Author: Mark Woods, 2 June 2020
A picture of the Bible has flashed all around the world. It’s on every news channel and in every newspaper.
As an organisation devoted to distributing and promoting the Bible, we might be expected to be happy about that. But we’re not.
The Bible in question was held by President Trump, who’d taken a short walk from the White House to St John’s Episcopal Church. The area in front of the church had been cleared, by police using teargas, of demonstrators protesting against the killing of George Floyd by a white policeman who knelt on his neck.
Video shows the President standing by the church signboard turning the Bible around until he finds the right pose.
It’s not entirely clear what Mr Trump intended to convey by this photo-op, but it’s a disturbing image. Certainly he outraged the church’s bishop: Rt Revd Mariann Budde told CNN, ‘Let me be clear, the President just used a Bible, the most sacred text of the Judeo-Christian tradition, and one of the churches of my diocese, without permission, as a backdrop for a message antithetical to the teachings of Jesus.’
It’s genuinely troubling to see the Bible being used as a prop – particularly when, as the bishop says, it’s associated with images of violence. Co-opting the Bible as a justification for repression is unacceptable.
What was in President Trump’s mind? Perhaps Romans 13.1, which says, ‘Let every person be subject to the governing authorities. For there is no authority except from God, and those that exist have been instituted by God.’ But Christians have always understood that this authority has limits, and that authority can be exercised oppressively and tyrannically. We read Romans, but we also read Amos, who said: ‘let justice roll down like waters, and righteousness like an ever-flowing stream’ (5.24).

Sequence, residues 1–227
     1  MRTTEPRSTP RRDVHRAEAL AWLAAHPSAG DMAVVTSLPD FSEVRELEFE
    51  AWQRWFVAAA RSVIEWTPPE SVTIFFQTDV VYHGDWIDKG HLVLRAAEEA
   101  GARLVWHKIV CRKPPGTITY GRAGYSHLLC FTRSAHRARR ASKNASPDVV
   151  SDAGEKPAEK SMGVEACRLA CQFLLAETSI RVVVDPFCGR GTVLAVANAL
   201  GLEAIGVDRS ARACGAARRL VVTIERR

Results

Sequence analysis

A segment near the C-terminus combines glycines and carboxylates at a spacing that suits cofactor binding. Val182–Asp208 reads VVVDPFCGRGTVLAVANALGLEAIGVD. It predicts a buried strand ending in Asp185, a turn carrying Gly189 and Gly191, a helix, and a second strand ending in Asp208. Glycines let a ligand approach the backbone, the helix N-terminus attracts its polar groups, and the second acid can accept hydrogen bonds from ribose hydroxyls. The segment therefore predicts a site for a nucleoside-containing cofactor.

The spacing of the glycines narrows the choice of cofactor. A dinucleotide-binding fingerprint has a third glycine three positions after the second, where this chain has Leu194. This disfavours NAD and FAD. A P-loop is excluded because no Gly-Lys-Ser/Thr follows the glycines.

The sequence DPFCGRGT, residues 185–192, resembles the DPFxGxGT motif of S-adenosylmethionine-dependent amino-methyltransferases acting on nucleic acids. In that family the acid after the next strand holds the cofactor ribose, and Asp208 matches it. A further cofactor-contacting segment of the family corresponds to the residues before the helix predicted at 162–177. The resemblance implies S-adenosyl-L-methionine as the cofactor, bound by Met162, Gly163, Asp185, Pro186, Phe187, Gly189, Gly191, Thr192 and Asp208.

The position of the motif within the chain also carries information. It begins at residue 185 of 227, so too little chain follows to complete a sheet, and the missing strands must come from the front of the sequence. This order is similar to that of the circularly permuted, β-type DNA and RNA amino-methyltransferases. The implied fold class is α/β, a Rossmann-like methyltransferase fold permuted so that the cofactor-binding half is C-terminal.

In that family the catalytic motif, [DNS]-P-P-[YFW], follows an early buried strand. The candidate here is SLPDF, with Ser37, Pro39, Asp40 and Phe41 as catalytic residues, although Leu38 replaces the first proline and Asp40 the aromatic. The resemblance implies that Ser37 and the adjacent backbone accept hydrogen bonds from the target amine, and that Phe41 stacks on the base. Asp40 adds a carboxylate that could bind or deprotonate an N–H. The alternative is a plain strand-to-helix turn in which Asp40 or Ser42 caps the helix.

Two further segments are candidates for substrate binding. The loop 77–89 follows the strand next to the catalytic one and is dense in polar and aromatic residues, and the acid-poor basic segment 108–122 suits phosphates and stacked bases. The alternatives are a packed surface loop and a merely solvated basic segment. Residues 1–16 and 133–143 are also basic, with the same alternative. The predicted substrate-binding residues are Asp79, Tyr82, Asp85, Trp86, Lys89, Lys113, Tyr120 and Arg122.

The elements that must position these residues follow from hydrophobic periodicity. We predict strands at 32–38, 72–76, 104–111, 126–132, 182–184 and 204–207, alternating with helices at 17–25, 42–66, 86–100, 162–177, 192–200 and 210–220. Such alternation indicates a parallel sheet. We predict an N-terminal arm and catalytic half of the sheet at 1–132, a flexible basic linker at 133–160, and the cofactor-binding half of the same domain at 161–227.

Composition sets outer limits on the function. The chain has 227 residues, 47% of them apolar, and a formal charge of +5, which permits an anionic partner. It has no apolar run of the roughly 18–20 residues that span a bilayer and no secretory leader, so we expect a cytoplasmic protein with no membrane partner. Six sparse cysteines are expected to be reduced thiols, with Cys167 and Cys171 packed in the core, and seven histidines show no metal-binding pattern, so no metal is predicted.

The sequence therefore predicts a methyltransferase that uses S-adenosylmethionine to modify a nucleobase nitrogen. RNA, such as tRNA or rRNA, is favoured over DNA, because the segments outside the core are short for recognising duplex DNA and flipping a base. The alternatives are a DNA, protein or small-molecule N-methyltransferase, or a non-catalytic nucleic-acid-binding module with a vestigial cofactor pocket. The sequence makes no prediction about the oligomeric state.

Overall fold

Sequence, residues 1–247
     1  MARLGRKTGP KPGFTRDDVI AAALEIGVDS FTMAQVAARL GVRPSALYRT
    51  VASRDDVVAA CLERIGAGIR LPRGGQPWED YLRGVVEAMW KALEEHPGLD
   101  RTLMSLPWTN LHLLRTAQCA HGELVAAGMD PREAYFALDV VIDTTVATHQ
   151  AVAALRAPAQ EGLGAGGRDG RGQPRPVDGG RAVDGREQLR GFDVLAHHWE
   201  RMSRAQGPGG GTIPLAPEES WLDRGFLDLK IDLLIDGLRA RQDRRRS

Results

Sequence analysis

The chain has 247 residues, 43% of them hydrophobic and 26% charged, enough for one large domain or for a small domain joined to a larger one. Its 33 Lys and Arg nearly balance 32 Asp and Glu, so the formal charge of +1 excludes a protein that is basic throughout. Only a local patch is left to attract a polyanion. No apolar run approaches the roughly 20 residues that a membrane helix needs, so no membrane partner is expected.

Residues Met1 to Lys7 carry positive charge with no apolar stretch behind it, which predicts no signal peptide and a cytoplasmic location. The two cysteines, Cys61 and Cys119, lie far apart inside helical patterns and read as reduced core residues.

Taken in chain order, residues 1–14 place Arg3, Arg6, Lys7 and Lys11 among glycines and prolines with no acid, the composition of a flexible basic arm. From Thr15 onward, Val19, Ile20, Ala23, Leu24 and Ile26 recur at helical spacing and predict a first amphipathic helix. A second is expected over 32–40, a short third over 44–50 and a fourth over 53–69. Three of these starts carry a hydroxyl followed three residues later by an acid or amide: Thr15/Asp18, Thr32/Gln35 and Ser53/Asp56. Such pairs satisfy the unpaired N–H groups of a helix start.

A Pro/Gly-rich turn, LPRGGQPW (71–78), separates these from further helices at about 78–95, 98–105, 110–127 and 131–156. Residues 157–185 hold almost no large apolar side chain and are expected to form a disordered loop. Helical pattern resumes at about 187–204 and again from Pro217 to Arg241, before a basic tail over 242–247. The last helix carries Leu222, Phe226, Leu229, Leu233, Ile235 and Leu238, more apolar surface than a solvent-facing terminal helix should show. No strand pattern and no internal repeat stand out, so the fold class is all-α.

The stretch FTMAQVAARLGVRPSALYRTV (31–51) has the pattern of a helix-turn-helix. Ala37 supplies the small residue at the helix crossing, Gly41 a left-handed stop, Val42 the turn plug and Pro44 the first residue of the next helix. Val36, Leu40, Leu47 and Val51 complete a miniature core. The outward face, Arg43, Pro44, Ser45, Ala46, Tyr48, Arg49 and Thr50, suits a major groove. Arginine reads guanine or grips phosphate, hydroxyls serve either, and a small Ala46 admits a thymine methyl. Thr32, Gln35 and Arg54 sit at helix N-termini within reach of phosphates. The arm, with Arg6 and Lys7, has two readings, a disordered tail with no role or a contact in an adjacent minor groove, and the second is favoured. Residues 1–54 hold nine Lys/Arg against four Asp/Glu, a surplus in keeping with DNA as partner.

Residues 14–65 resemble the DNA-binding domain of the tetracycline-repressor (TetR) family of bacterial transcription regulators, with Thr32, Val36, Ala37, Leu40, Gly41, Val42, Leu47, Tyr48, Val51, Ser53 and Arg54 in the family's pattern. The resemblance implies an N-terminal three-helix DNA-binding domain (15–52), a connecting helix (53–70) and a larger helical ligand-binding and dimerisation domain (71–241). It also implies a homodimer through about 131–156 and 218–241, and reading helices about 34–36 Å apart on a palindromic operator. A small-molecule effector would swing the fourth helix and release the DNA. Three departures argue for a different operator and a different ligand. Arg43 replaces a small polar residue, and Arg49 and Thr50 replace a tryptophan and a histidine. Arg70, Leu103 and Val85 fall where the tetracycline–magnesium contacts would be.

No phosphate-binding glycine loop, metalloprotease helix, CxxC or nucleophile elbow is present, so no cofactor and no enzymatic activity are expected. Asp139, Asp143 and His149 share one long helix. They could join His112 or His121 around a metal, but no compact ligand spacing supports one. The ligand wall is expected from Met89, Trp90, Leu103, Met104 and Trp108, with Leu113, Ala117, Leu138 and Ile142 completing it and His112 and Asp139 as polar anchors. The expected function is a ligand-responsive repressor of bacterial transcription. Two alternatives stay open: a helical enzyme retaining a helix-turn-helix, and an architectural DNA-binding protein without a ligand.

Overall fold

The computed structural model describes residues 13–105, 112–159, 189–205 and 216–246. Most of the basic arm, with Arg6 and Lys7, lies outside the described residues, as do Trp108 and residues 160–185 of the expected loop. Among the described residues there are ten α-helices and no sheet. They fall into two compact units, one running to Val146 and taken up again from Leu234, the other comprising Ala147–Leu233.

Amos is one of many prophets to express holy outrage at wrongdoing. This passion for justice permeates every page of Scripture. It’s what lay behind Jesus’ actions in turning over the tables in the Temple. It’s what has lain behind every great movement for social reform in Christian history. It lies behind the anger expressed by church leaders at George Floyd’s death, and what it reveals – yet again – of what it’s like to be black in parts of America today. It lies behind the marches and the protests that have greeted the death of another innocent black man. And while it may be right to say that these have sometimes been hijacked by thugs and criminals, there’s a righteous and biblical anger there as well.
When President Trump held up Paul’s words in Romans, he was holding up Amos too – the prophet who warned that the longed-for ‘day of the LORD’ would be ‘as if a man fled from a lion, and a bear met him, or went into the house and leaned his hand against the wall, and a serpent bit him’ (5.19).
Enlisting the Bible in our cause is a dangerous thing to do. It is fundamentally untamed; it judges all of us – presidents and people. Yes, it judges the looters and destroyers – but it judges murder, racism, oppression and injustice too.
I suspect more people than usual will currently be asking this question. Christians naturally turn to the Bible, yet the Bible offers no seamless answer to the problem of pain. It speaks in stories and images, and tackles this thorny issue in more ways than one.